Country

Ethiopia

Explore historical and projected climate data, climate data by sector, impacts, key vulnerabilities and what adaptation measures are being taken. Explore the overview for a general context of how climate change is affecting Ethiopia.

Current Climate Climatology

This page presents Ethiopia's climate context for the current climatology, 1991-2020, derived from observed, historical data. Information should be used to build a strong understanding of current climate conditions in order to appreciate future climate scenarios and projected change. You can visualize data for the current climatology through spatial variation, the seasonal cycle, or as a time series. Analysis is available for both annual and seasonal data. Data presentation defaults to national-scale aggregation, however sub-national data aggregations can be accessed by clicking within a country, on a sub-national unit.  Other historical climatologies can be selected from the Time Period dropdown list. Data for  specific coordinates can be downloaded for in the Data Download page.

Observed, historical data is produced by the Climatic Research Unit (CRU) of University of East Anglia. Data is presented at a 0.5º x 0.5º (50km x 50km) resolution.

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Climate Data Historical

 

 

Ethiopia’s large land area and diverse topography results in different climates across the country as well as temperature and precipitation disparity across its regions. Ethiopia’s equatorial rainforests in the south and southwest are characterized by high rainfall and humidity, while the Afro-Alpine on the summits of the Semien and Bale mountains, and the north-east, east and south-east lowlands experiencing desert-like conditions. The highland regions in the center and north of the country experience cooler climates. The eastern corner of the country is very arid and experiences very little rainfall. Seasonal rainfall in Ethiopia is driven mainly by the migration of the Inter-Tropical Convergence Zone (ITCZ) and there is strong inter-annual variability of rainfall across the country. Ethiopia has three rainfall seasons: Bega, Belg, and Kiremt. The primary rainy season, Kiremt, occurs from mid-June to mid-September and accounts for 50–80% of annual rainfall. Parts of central and northern Ethiopia experience a sporadic, secondary wet-season, Belg, which often has considerably less rainfall and occurs from February to May. Southern regions of Ethiopia experience two distinct wet seasons, Belg, from February to May, and Bega occurring from October to December, which has drier and colder conditions. Mean annual rainfall distribution is approximately 2,000 mm over the south-western highlands and less than 300 mm over the south-eastern and north-eastern lowlands. Temperatures across Ethiopia can range from –15°C over the highlands, to above 25°C in the lowlands.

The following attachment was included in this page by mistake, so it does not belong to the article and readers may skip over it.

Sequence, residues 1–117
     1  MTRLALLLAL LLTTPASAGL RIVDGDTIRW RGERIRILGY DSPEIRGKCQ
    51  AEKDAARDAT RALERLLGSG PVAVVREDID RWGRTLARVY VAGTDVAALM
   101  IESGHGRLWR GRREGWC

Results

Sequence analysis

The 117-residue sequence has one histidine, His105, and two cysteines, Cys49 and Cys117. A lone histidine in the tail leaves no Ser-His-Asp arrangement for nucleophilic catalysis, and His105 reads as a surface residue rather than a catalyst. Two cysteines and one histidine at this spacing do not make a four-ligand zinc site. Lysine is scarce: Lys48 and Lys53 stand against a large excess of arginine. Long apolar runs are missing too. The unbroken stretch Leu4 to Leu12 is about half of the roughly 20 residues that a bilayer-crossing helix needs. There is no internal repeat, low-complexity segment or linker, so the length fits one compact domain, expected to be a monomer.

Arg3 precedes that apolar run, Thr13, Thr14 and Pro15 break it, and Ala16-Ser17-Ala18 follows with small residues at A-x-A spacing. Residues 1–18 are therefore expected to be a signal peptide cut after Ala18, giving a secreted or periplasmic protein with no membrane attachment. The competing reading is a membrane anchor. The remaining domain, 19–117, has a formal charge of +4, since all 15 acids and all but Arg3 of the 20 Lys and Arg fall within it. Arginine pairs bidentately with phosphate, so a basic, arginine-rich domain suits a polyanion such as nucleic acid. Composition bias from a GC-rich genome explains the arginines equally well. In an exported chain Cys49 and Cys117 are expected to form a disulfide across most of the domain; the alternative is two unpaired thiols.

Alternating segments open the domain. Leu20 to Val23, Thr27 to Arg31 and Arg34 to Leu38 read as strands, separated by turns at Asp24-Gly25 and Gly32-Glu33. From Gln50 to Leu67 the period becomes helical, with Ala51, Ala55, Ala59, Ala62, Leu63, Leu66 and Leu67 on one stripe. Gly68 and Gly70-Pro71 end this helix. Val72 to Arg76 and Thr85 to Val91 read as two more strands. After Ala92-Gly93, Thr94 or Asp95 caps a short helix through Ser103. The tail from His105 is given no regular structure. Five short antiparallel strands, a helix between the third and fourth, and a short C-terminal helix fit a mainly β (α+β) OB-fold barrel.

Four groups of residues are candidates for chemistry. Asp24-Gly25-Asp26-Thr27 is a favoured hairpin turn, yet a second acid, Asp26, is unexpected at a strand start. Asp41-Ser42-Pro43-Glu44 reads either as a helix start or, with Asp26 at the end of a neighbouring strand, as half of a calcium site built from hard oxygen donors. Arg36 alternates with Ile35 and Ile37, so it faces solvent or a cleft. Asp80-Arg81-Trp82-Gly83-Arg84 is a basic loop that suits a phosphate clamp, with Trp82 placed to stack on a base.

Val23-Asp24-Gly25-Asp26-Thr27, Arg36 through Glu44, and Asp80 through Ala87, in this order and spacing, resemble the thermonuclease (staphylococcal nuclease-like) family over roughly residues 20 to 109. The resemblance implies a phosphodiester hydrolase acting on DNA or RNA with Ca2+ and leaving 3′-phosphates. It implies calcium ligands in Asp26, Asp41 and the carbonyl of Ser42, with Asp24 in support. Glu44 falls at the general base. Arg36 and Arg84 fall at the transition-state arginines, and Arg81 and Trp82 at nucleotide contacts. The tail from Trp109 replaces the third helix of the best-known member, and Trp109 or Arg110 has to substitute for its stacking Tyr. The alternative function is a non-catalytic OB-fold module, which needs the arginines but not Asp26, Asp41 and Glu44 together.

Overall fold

Temperature

  • Average temperatures in Ethiopia have increased by an average of 1°C since 1960, at an average rate of 0.25°C per decade.
  • Increases have been most noticeable from July through September.
  • The average number of ‘hot nights’ (the hottest 10% of nights annually) increased by 37.5% between 1960 and 2003 and the average number of ‘hot days’ per year, increased by 20%; cold days have also decreased.
  • Observed temperature increases have also led to increased evapotranspiration and reduced soil moisture; higher rates of warming have been observed in the central regions and highland areas.

Precipitation

  • Strong variability makes long-term precipitation trends for Ethiopia difficult to determine, however an overall decline has been observed in the last three to four decades, with significant year-to-year volatility.
  • Some areas of the country are expected to experience a reduction in rainfall. For example, the south-central region of the country has experienced a 20% decrease in rainfall since 1960.
  • While high degrees of inter-annual variability exist for precipitation trends across Ethiopia, the incidence of drought increased and the rains in central and northern areas occurring in February to May have become increasingly less predictable.
  • The rise of sea surface temperatures in the Indian Ocean influences the migration of the ITCZ which can further increase variability in the timing and duration of rainfall seasons, altering traditional rainfall patterns and causing more frequent drought.

This section provides the options to visualize historical climate data for different timeframes via map and annual cycle chart.

 

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